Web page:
Election Monitors to Use Social Media as a Way to Find Voting Problems
A team of hundreds will scour the Web for signs of voter intimidation and poorly functioning polling places.
While most news outlets on Tuesday will focus on which candidates and ballot measures are getting the most votes, a group of journalists and students will be mining social media to detect problems with the process of voting itself. Are voting machines malfunctioning? Provisional ballots being handed out? Voters being inappropriately asked for ID or being harassed? In short: are citizens able to exercise their right to vote?
More than 150 people are expected to crowd into the student newsroom at the CUNY Graduate School of Journalism in New York’s Times Square. Professional journalists and students will join data experts from Google and other companies for pizza, coffee, and snacks, and to sift through a deluge of data on that day’s voting. It will be the hub of a group called Electionland, led by the nonprofit news site ProPublica, Google News Lab, CUNY, and others. They hope Electionland will leverage social media and other data sources to surface and flag suspicious voting situations.
Systematically monitoring voting is hard because it is supervised by local officials, making it tough for groups to highlight concerns quickly, says Derek Willis, a data journalist and developer at ProPublica and part of the Electionland team. “A national election is really 50 state elections,” says Willis.
Electionland is a bid to take the wide reach and accessibility of platforms such as Facebook and Twitter and use that to monitor and improve the voting process.
Willis and others involved readily admit that information coming from social media and Google search trends are at best an imperfect measure and at worst subject to manipulation. “It will be just as much about debunking false claims as identifying the problems,” says Carrie Brown, director of the social journalism program at CUNY.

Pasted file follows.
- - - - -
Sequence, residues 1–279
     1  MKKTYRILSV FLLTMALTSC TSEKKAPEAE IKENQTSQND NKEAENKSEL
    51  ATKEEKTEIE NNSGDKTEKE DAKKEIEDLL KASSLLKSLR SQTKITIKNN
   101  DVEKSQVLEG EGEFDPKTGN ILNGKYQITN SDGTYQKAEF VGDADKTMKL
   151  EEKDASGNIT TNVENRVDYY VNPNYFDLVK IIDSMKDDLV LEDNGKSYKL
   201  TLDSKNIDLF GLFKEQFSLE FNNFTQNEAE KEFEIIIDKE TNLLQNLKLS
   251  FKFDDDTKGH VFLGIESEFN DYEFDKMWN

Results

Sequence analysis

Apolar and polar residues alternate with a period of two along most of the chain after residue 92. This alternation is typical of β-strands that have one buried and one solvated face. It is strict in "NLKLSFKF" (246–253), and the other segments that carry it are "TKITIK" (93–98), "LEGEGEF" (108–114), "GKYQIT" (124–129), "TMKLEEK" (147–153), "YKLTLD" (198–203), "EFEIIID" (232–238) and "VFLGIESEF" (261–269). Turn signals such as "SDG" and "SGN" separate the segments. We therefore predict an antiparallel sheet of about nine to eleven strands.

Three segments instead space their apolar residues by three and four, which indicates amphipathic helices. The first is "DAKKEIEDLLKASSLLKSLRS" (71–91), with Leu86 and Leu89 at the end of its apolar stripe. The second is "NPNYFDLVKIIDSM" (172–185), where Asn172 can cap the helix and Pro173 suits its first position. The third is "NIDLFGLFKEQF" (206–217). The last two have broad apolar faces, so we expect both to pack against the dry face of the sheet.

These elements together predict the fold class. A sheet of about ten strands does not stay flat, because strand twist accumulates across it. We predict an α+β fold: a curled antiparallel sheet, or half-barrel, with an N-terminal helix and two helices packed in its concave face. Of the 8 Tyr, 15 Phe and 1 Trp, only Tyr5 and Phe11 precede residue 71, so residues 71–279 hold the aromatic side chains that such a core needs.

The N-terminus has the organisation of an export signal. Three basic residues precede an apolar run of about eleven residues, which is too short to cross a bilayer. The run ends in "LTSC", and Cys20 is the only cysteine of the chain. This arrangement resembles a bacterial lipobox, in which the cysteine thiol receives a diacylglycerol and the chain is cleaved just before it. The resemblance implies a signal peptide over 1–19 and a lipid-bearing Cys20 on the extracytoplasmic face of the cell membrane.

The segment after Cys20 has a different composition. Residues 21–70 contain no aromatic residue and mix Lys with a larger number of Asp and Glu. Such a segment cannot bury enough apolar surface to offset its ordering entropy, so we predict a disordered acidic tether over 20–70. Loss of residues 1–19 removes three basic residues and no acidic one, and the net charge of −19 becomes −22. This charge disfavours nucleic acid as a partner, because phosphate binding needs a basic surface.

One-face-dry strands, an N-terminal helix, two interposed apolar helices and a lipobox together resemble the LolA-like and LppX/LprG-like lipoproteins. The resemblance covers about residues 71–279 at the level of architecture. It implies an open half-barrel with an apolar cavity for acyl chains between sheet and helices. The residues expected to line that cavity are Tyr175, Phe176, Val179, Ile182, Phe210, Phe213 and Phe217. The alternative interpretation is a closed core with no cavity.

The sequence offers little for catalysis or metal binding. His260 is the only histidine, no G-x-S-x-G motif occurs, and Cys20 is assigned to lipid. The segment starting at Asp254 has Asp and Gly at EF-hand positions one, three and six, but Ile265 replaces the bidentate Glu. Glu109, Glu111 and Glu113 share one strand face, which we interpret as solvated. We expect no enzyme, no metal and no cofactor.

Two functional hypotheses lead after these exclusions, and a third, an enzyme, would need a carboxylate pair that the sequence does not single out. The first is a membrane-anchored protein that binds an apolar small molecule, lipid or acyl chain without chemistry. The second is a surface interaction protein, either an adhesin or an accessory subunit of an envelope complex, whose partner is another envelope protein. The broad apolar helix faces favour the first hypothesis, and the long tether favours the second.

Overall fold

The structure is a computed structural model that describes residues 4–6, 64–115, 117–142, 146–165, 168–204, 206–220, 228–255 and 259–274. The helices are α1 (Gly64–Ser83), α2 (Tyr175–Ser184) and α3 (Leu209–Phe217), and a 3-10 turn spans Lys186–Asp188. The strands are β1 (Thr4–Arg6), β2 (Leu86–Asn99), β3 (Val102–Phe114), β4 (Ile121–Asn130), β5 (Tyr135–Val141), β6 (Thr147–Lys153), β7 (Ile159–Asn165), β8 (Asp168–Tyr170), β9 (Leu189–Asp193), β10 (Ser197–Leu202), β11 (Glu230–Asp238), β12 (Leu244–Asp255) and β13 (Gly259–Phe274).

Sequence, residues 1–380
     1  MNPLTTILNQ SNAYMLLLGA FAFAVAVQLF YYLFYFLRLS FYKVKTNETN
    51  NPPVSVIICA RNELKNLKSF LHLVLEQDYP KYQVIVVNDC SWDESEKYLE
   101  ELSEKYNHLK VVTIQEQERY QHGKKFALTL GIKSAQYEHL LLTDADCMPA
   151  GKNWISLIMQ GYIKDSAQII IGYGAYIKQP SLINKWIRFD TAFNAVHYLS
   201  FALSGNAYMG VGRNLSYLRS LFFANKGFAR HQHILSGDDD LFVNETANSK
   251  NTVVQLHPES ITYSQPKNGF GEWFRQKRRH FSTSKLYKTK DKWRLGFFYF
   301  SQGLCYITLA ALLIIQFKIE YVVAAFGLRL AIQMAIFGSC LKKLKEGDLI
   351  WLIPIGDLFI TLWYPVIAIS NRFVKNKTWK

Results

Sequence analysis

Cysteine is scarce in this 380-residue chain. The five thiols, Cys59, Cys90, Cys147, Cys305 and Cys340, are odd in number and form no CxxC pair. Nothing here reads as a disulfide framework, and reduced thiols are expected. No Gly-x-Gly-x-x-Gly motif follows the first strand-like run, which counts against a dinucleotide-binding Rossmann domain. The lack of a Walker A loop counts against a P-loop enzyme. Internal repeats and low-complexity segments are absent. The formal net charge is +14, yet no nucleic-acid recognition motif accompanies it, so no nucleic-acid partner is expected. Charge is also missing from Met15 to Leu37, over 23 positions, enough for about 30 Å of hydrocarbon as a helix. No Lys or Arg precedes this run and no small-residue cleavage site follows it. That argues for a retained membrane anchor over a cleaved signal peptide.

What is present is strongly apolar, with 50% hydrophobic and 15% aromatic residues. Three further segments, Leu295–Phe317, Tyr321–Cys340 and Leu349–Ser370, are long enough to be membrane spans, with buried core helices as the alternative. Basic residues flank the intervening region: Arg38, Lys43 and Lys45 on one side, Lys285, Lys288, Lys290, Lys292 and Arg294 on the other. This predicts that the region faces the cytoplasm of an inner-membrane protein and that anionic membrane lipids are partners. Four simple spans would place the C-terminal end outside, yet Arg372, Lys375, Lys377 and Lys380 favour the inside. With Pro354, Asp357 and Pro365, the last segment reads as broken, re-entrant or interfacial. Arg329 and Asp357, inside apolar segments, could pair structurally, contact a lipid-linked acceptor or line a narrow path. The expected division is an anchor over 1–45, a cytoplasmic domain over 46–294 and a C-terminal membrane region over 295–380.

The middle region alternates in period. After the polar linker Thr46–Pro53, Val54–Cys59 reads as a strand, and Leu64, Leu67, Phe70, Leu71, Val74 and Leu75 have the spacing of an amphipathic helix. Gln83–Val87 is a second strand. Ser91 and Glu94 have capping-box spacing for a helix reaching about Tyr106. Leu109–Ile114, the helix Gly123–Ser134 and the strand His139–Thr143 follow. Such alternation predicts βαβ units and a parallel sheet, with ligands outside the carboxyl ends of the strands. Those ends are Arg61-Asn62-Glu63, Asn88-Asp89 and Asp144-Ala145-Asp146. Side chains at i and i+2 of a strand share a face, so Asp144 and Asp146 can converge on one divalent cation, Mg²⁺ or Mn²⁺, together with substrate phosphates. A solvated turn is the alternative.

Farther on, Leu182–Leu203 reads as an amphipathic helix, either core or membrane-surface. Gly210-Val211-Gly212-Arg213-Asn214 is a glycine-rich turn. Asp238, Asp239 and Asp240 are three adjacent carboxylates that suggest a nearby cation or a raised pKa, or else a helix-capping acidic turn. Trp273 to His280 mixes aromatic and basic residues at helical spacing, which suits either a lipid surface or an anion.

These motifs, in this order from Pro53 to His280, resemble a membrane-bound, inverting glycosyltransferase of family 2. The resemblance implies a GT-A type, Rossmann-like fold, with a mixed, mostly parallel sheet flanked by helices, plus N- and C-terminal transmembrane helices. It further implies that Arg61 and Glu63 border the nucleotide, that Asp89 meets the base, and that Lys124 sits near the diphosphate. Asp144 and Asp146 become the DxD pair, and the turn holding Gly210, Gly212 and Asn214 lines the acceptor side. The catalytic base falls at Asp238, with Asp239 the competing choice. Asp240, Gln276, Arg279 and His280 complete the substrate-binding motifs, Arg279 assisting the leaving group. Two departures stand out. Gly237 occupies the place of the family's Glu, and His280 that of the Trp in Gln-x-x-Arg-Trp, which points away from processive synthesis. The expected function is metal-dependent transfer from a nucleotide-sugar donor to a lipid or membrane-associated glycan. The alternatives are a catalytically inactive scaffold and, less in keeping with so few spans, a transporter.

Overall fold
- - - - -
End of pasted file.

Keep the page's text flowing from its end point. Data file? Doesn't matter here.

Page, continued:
Charles Stewart, a political science professor at MIT and an expert on voting, says he is “very, very worried” about the potential that Electionland’s focus on social media could be susceptible to manipulation and that news organizations, drawn in by the immediacy of the information coming through on social media, might rush out information before it is properly vetted for accuracy. Disseminating information on issues such as the length of voting lines, even if accurate, could have the negative effect of discouraging voter turnout, he says.
Just as problematic, much of social media is not representative of the broader public. “It is skewed urban, toward tech-savvy white men. It is skewed in a lot of ways,” says Stewart.
To minimize those issues, Electionland’s creators have tried to pull data from a variety of sources and create a system to critically vet the information that surfaces.
Though much of the data will come into Electionland from automated systems, its review will require a significant amount of human judgment. Six hundred student volunteers will use tools like Facebook Signal and Dataminr to pick up on hot issues on social media platforms. In addition, the public will be able to send concerns directly to Electionland via text message. The group will pull in leads on election irregularities phoned in to a hotline run by the Lawyers’ Committee for Civil Rights.
Students will try to verify the authenticity and significance of various signals with tools like reverse image searches (to determine if a photo has been in circulation before) and geolocation (to determine whether a text is coming from near a polling place in question).
Professional journalists will then review issues that pass the students’ evaluation, and if the pros agree, the leads will be sent to local reporters around the country who have signed up to check out questions about polling places in their area. “There is no magic box here,” Willis says. “As with most civic-oriented projects there is no algorithm that does the job without human input.”